tariff rates by the amounts of additional trade costs from irregular payments. The GTAP


model provides a convenient set of parameters and closure, named ALTERTAX, to


adjust the tax rates while minimizing the changes in the trade and consumption flows of


the original database. Appendix B discusses the technical issues in detail. Once the


database is adjusted, the shocks for simulation can be implemented to ams for technical
progress and tms for reduction in irregular payments in the model.




4. Simulation Results and Implications


Impacts on Bilateral Trade

Imports



Theoretically, cost reductions in all sectors, whether by import augmenting technical


progress or reductions in irregular payments and bribes, should stimulate the


substitution of demand in favor of imports against domestic goods. This should result


in an increase in imports. Table 2 summarizes the simulation results on bilateral trade


flows. Case 1 in the table assumes that import cost cuts from the improvement of


transparency extend to all the sectors, and Case 2, to all sectors except for raw materials.


Moreover, the trade data in Case 1 covers all the sectors, but Case 2 only covers the


trade data in the sectors excluding raw materials. In Table 2, “APEC” indicates that the


simulated impacts are calculated with only using the trade data among the APEC


members, while “World”, with all the trade data in the world. One may note that the


simulation in Heble, Sheperd and Wilson (2007) refers to intra-APEC trade only,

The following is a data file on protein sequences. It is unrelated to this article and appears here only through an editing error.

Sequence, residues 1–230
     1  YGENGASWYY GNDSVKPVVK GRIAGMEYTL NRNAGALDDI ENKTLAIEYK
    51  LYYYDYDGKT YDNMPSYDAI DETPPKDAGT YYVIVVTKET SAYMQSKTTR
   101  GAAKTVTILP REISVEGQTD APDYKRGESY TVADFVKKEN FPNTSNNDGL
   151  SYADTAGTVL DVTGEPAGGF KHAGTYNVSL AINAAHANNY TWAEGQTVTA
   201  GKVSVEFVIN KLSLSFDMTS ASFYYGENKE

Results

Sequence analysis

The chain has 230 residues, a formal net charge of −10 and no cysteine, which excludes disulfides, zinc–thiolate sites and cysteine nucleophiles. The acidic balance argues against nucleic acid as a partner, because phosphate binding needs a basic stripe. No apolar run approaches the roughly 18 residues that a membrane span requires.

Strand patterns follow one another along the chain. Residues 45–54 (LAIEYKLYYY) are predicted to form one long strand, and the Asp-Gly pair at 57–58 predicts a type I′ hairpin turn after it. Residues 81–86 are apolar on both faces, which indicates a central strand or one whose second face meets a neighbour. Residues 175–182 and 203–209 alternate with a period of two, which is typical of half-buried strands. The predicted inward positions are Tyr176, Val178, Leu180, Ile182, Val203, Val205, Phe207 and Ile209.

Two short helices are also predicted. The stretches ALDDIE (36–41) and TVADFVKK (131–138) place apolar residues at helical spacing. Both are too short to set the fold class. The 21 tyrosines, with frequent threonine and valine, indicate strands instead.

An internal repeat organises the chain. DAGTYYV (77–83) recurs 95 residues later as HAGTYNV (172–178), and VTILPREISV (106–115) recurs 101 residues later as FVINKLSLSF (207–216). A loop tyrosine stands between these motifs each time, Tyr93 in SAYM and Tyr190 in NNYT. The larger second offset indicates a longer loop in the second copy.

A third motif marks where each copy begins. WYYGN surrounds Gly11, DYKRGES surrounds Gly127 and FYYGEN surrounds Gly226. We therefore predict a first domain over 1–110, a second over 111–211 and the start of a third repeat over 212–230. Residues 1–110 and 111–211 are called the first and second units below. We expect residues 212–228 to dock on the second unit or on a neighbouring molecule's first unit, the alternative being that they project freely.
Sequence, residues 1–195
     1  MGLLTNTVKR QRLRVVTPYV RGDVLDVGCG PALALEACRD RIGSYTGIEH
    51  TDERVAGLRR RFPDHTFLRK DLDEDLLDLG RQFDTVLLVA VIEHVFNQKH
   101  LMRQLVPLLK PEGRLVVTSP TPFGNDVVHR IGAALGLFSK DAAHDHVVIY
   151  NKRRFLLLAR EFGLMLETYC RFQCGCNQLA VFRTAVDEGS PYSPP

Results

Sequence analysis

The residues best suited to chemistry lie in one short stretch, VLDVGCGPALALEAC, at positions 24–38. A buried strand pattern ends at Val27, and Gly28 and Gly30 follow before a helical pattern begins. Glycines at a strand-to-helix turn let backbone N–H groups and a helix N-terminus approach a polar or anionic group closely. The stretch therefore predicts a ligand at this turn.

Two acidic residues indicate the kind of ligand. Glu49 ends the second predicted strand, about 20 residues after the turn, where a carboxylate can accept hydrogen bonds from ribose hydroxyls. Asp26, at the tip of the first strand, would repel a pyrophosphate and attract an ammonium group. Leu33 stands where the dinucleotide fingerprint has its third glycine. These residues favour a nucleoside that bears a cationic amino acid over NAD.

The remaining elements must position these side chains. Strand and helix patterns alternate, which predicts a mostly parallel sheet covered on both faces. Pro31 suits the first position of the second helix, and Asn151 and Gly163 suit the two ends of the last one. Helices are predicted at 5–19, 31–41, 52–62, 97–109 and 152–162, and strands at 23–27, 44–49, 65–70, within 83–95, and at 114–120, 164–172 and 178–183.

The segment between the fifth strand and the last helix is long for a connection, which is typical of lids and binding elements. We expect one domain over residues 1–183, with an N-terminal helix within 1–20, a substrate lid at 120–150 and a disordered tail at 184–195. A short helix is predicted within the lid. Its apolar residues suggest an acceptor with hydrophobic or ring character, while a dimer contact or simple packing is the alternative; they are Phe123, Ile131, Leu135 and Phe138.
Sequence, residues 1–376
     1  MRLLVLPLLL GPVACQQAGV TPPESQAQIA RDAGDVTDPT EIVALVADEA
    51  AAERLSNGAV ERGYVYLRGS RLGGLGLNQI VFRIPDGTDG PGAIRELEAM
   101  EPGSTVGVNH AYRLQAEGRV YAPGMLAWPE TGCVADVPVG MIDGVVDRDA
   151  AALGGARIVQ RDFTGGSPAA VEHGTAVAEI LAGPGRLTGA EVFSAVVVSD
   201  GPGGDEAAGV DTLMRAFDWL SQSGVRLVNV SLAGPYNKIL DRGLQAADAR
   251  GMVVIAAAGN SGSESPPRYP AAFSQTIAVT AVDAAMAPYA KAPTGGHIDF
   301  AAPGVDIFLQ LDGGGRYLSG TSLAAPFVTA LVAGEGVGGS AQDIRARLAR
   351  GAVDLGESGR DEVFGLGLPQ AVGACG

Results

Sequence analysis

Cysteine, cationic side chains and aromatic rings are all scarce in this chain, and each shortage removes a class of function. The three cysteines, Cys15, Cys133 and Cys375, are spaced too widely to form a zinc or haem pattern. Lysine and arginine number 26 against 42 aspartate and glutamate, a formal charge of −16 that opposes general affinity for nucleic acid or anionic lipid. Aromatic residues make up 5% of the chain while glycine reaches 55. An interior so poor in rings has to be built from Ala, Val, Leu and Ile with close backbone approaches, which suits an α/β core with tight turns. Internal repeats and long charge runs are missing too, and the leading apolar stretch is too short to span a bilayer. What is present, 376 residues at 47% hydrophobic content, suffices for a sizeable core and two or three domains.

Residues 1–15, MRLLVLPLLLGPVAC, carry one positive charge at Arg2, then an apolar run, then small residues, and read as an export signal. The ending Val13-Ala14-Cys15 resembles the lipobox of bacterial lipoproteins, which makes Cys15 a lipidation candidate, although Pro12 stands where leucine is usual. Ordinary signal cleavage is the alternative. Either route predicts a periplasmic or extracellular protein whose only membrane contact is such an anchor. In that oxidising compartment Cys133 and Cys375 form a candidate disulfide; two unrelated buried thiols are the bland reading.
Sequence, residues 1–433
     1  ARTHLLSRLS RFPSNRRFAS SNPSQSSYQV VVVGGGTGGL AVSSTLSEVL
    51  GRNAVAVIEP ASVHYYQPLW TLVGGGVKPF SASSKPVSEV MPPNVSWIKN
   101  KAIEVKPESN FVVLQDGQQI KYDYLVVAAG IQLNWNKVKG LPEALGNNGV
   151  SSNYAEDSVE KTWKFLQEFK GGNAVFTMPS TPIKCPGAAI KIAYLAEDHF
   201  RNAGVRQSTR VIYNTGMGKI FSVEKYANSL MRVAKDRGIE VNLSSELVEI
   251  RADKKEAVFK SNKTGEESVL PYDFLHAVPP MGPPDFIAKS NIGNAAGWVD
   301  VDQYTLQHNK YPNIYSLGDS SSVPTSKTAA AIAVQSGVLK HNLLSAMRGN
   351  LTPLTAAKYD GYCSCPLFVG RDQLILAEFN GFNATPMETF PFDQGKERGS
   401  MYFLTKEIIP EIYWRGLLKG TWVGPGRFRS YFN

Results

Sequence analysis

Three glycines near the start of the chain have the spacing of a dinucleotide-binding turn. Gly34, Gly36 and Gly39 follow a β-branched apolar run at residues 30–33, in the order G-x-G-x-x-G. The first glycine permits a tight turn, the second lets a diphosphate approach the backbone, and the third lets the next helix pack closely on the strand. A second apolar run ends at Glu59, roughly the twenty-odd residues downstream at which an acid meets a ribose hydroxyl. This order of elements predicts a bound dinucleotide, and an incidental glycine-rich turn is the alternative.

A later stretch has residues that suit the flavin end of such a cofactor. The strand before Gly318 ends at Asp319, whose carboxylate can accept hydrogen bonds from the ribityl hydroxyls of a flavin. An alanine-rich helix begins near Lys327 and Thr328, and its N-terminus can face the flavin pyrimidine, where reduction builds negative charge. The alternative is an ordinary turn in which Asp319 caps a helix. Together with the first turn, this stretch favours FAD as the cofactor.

corresponding to Case 2-APEC in Table 2.




20




Table 2: Estimated Impact on Nominal Imports (% change of baseline)


HSW 2004
Exporters


APEC World APEC World APEC
1 AUS 0.0 -0.5 -0.7 -0.5 0.0
2 CAN -2.2 -2.4 -2.1 -2.1 0.0
3 CHL 3.1 0.0 1.6 0.4 0.0
4 CHN 30.4 30.2 27.1 26.7 29.0
5 HKG 3.1 2.0 1.0 0.3 0.0
6 IDN 15.6 16.9 11.9 12.3 20.3
7 JPN 3.2 1.1 2.1 1.2 0.0
8 KOR 20.9 17.8 20.1 18.2 0.4
9 MEX 20.2 19.7 19.0 17.7 17.7
10 MYS 10.3 11.0 8.4 9.0 12.1
11 NZL -0.7 -0.6 -0.9 -0.4 0.0
12 PER 31.2 30.5 24.4 22.3 31.0
13 PHL 60.0 62.9 55.1 57.1 47.6
14 RUS 70.6 69.3 37.8 39.2 100.7
15 SGP 2.0 1.6 2.0 2.1 0.0
16 THA 132.7 117.6 128.2 124.3 36.7
17 CTP 2.3 1.4 1.6 1.5 n.a.
18 USA 1.3 -0.9 0.2 -1.1 0.0
19 VNM 37.0 44.1 27.3 31.2 73.6
20 EU27 n.a. -1.6 n.a. -1.5 n.a.
21 ROW n.a. -0.8 n.a. -1.0 n.a.
APEC Total 12.9 11.7 11.0 10.0 n.a.
World 11.7 4.5 7.2 3.6 n.a.


Case 1 (2006) Case 2 (2006)
Exporters Exporters


importers



(Note) Authors’ calculation using the GTAP model, GTAP database version 7 pre-release 6, and


Gempack. Row denotes importers, and Columns denotes exporters.




In general, the reforming economies in APEC tend to increase imports. The impact is


larger in the economies that undertake more significant reforms, in particular Russia,


Thailand, Vietnam and the Philippines. In contrast, APEC member economies that have


achieved a higher level of transparency experience minimal increases in imports17. The


results based on our CGE model simulation here are generally comparable with those by


HSW. This is to be expected because both studies use the same estimates for reductions


in trade costs. The relatively minor differences in results likely arise from the difference


between assumed elasticities of substitution of imports in the GTAP model, i.e.

17 The large increase in the imports of Korea reflects the assumed reduction of irregular
payment.


21